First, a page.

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Maths Careers are Anything but Average!

Staff Blogger Katrina Mansfield Head of Maths – Senior School

STEM (Science, Technology, Engineering, and Mathematics) is all around us helping us cure diseases, make sense of increasing volumes of data and new technologies. Science, Technology and Engineering all require Mathematics therefore one could say that 75% of the fastest growing jobs require Maths. Our workforce requires great problem-solvers that can embrace the new and the creativity to innovate the future.

Maths Matters in Everyday Life

One of the expectations we have when our children finish school is that they will be numerate so that they can live and work successfully in the 21st century. I am sure we all agree that studying Mathematics aids our numeracy skills and helps us do many things that are important in our everyday lives. Daily tasks such as managing money, planning a trip, preparing a meal, understanding loans and undertaking renovations to name a few are all essential tasks that we hope our children will be able to master when they leave school.

Mathematics is more than being numerate. Mathematics helps us become better problem-solvers. The learning process your son undertakes in maths class teaches his brain to be able to solve any type of problem. Studying mathematics teaches him to think logically, to ask questions and consider his conclusions all of which are very useful life skills.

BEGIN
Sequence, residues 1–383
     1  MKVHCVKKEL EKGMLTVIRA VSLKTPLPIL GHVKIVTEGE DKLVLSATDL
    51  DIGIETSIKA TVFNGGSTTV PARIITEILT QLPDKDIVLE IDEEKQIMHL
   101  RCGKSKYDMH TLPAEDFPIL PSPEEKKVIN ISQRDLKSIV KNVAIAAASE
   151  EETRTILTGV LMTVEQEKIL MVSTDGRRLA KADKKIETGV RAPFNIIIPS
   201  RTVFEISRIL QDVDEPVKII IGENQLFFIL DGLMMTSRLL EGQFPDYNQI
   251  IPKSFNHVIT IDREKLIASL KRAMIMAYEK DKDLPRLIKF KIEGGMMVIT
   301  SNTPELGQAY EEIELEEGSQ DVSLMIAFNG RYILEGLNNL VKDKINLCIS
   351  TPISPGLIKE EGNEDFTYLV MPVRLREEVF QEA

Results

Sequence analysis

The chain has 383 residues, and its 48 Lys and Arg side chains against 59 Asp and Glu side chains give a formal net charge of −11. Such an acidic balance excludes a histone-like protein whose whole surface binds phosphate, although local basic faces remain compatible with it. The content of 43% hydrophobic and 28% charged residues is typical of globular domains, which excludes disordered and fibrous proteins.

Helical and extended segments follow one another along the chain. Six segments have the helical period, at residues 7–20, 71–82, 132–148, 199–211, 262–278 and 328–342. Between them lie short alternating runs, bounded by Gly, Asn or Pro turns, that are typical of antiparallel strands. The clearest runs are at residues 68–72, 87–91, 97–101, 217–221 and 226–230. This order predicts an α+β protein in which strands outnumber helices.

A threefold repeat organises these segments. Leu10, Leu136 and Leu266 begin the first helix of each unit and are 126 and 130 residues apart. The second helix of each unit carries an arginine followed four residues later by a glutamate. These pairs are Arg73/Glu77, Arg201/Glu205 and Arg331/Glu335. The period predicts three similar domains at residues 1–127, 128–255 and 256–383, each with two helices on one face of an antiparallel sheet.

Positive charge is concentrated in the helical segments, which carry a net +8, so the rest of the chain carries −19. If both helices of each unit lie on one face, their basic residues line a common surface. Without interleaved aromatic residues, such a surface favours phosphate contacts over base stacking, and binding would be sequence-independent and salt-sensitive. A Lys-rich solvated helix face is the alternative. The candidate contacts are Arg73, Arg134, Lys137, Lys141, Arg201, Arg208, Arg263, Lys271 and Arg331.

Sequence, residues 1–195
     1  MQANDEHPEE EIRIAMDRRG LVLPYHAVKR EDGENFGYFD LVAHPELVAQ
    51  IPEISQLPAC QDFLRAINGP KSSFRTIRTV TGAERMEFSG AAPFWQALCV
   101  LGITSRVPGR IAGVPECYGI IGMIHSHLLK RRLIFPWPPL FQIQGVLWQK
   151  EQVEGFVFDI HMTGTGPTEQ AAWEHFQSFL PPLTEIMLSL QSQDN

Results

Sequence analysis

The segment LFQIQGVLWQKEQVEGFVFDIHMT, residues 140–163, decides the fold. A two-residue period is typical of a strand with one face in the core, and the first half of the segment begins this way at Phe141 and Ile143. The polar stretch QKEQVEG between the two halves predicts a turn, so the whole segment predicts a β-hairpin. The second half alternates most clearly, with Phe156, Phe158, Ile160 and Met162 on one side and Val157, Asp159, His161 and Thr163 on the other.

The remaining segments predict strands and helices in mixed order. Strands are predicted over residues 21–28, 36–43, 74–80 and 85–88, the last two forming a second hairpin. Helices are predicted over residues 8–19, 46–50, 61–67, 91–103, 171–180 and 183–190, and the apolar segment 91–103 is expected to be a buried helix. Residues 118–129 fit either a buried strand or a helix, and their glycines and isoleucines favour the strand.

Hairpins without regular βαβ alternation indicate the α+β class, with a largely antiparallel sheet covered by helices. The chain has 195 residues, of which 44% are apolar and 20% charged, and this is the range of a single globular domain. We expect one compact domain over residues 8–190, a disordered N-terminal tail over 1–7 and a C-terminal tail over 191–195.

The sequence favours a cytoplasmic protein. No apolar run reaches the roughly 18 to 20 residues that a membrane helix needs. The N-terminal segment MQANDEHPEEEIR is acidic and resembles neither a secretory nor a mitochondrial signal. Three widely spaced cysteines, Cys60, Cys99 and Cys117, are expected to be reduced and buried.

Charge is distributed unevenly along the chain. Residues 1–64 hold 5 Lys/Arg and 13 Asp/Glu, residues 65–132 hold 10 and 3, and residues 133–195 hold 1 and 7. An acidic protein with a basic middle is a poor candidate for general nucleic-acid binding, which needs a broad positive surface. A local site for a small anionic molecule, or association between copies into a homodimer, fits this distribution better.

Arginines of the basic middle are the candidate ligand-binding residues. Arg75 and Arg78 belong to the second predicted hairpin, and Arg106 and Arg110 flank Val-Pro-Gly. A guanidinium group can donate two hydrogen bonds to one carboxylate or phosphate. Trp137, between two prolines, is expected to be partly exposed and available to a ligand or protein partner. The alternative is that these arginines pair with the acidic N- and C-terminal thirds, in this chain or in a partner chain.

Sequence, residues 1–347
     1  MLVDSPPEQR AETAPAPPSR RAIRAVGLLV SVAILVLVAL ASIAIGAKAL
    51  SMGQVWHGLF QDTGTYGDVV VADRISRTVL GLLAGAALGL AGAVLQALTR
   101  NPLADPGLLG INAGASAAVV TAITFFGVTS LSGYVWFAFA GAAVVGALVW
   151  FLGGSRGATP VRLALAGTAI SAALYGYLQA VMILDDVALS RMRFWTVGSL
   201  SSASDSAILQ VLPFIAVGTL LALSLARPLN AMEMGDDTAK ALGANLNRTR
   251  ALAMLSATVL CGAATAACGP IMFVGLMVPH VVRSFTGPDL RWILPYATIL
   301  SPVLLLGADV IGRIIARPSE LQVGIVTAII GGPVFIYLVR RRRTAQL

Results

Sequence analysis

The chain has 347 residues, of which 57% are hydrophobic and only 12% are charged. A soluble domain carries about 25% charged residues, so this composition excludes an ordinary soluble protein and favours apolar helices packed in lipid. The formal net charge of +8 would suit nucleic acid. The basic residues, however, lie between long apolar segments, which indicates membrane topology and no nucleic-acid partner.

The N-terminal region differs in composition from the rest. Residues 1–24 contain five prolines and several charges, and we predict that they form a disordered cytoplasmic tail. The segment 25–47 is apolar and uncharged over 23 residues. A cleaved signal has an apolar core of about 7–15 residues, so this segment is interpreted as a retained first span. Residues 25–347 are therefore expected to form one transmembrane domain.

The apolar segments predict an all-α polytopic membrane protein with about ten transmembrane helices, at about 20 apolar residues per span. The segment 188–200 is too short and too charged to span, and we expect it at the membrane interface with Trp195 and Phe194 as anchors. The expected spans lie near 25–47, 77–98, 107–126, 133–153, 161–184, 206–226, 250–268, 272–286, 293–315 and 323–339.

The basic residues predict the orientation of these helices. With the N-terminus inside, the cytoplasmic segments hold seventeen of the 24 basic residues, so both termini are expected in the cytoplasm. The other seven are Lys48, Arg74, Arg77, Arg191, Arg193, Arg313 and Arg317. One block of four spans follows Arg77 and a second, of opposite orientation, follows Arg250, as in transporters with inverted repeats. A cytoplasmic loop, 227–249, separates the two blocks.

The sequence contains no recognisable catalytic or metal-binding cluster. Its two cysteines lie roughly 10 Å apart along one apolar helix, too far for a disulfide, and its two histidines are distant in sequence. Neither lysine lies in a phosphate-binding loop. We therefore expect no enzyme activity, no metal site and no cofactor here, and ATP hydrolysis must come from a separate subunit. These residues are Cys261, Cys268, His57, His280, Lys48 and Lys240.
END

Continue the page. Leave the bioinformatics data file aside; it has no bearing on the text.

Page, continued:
Mathematics can be challenging however this is part of the beauty of the subject. Through persistence and resilience, one should strive to overcome these challenges which enhances one’s ability to become a better problem-solver both inside and outside the classroom. A necessary skill we hope all our boys will achieve.

The Maths Classroom

Sometimes in a maths class you hear a boy say, “Where am I ever going to use mathematics?” and it can be hard to explain for some more algebraic and abstract topics. Underlying the subject matter is the critical thinking that takes place which helps your son become a better problem-solver. Mathematics is a way of thinking which explores and solves problems through observation, reflection, and logical reasoning.